Microbe saying welcome

Welcome to week 3

Welcome to the final week of the e-Bug Health Educator Training course. e-Bug is a free educational resource operated by Public Health England (PHE) to teach 4 to 18-year-olds and community groups about hygiene, infection and antibiotics.

  • The aim of this week is to increase knowledge, skills and confidence to educate on antibiotics and antibiotic resistance.
  • We will cover ways to look after ourselves when we have an infection and to help keep antibiotics working by using them responsibly.
  • We will give you the information you need to empower participants to make their own decisions regarding their health, hygiene and self-care.
  • The week will start off with an overview of what antibiotics are, when they should be taken, and how to take them correctly.
  • We will also use a visual demonstration of antibiotic resistance and how it can spread.
  • As this is the final week, you can use this time to reflect on your own health and antibiotic use.

The layout of the course for each week will focus on background information for specific topics and then activities and tools that educators can use to communicate key messages to children and young people.

Learning outcomes for Week 3

By the end of this week you will be able to:

  • Explain to students / community members that some common infections such as coughs and colds get better by themselves through time, bed rest, avoiding dehydration, and healthy living.
  • Understand why it is important to take antibiotics as prescribed, not to share antibiotics, and only use them for the infection that they were prescribed for.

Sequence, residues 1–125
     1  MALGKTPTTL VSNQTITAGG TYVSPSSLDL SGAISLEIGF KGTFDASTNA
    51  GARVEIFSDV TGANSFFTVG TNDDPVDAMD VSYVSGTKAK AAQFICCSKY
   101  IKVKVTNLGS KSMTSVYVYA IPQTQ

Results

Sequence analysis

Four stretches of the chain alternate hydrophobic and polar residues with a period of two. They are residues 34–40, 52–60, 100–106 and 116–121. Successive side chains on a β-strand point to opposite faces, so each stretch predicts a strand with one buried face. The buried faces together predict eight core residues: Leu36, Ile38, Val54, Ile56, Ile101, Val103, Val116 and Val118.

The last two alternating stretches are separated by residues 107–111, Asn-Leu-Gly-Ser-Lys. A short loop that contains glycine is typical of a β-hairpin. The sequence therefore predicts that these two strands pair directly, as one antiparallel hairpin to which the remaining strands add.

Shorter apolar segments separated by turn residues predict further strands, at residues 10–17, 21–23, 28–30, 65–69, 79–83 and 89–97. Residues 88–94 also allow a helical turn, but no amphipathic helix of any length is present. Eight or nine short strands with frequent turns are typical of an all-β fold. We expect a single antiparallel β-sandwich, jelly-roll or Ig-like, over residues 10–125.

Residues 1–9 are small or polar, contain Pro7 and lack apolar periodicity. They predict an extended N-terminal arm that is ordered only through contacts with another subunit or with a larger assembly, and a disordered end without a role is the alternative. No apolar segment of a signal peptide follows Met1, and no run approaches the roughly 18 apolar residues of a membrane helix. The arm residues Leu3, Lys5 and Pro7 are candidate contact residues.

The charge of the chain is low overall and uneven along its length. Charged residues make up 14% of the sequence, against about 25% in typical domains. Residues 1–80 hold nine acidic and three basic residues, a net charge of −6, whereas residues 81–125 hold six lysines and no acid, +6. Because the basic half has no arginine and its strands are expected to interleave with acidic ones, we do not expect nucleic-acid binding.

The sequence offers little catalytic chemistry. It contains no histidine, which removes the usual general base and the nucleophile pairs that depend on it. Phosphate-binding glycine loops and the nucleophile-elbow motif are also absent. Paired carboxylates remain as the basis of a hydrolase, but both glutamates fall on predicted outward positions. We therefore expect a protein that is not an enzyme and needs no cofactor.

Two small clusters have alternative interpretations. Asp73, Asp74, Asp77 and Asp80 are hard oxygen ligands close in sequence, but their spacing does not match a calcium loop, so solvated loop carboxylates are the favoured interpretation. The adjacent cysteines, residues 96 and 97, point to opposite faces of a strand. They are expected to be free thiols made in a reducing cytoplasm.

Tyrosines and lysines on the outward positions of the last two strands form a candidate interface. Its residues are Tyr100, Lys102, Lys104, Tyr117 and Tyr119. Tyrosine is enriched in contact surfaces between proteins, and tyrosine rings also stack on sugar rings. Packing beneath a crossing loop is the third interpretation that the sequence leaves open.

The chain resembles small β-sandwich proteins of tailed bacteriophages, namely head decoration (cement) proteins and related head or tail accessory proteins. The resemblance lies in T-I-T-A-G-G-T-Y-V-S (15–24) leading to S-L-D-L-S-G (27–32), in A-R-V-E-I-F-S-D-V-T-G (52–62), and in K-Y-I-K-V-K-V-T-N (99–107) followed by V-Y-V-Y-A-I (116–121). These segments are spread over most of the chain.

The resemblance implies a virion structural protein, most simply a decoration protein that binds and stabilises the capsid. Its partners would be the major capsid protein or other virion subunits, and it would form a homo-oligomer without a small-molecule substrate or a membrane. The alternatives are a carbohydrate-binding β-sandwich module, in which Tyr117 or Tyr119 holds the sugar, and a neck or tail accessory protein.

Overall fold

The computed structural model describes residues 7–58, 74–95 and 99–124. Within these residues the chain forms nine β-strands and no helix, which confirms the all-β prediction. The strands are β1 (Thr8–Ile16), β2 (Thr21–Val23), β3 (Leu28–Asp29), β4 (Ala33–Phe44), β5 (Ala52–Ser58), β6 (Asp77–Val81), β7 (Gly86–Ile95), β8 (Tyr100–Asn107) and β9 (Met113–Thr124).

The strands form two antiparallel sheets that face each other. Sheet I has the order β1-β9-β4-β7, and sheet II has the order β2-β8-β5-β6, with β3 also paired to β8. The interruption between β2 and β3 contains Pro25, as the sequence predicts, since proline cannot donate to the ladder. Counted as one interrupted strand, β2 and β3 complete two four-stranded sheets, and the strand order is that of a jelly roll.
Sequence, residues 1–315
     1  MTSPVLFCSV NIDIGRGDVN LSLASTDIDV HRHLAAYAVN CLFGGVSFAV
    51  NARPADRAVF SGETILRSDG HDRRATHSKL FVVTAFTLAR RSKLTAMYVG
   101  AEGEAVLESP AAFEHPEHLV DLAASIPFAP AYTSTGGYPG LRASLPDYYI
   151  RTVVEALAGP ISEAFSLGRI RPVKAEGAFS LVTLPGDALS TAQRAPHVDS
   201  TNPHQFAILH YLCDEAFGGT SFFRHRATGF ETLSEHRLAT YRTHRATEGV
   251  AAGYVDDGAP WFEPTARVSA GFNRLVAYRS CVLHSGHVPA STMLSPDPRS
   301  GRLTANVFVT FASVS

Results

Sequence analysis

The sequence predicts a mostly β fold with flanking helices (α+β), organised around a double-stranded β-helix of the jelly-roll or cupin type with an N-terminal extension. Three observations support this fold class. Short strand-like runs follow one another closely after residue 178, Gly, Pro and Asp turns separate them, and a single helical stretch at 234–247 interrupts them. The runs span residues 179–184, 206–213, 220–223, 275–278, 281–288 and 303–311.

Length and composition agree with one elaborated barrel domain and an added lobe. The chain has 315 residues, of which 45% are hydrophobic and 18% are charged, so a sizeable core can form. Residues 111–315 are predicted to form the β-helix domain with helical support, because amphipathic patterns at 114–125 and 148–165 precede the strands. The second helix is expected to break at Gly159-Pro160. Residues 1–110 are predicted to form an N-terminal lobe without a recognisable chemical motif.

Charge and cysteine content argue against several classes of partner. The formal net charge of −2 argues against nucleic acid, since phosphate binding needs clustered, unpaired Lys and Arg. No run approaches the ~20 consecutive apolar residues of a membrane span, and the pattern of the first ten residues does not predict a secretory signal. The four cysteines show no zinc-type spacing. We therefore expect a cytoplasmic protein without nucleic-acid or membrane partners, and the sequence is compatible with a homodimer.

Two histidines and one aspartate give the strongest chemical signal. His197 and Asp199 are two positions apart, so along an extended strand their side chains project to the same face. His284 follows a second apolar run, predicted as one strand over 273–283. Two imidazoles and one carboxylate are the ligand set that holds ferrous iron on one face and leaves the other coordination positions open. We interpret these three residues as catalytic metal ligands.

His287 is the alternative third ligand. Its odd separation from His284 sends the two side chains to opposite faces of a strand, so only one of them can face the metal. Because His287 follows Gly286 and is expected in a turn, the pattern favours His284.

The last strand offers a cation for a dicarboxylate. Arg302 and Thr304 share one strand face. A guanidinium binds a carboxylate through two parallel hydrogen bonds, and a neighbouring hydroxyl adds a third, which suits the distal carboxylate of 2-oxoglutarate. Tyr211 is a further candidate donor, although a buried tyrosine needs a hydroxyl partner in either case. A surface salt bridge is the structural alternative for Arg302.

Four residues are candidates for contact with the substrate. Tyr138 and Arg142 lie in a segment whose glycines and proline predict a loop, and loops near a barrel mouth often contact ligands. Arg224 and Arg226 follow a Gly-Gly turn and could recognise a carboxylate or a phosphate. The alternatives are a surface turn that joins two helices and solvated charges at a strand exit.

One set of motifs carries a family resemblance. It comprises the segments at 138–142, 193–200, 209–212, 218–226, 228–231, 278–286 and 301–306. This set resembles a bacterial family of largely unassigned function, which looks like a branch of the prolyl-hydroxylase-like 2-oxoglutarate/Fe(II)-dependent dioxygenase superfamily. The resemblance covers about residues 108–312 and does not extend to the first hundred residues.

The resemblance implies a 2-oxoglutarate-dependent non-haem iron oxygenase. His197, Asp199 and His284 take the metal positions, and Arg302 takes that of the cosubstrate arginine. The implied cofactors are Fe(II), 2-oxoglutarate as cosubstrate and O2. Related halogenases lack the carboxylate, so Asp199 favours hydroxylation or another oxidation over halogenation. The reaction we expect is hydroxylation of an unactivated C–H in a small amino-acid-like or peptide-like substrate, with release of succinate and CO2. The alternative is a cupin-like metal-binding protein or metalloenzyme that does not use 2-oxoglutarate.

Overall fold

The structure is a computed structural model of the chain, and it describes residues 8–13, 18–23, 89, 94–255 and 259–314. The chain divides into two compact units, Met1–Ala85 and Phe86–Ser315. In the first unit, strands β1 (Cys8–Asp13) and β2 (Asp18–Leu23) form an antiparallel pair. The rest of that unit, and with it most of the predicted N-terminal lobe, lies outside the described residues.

• Explain to students / community members that misuse or overuse of antibiotics can damage normal bacteria as well as affect harmful bacteria. Normal bacteria can be useful bacteria that protect our gut and microbiome.
  • Demonstrate to students / community members what antibiotic resistance is and how it occurs using a practical balloon activity and explain that bacterial resistance will occur for any antibiotic that enters the market.
  • Reflect on how we all can play a part in tackling antimicrobial resistance, that antimicrobial resistance is often a result of how we use antibiotics, and public health interventions can help tackle this.

These learning outcomes link back to the big question as you will be able to explain to participants what antibiotics are; what antimicrobial resistance is and what causes it; how we can prevent it; and the importance of self-care to treat infections.

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This article is from the free online course:

e-Bug Health Educator Training

BSAC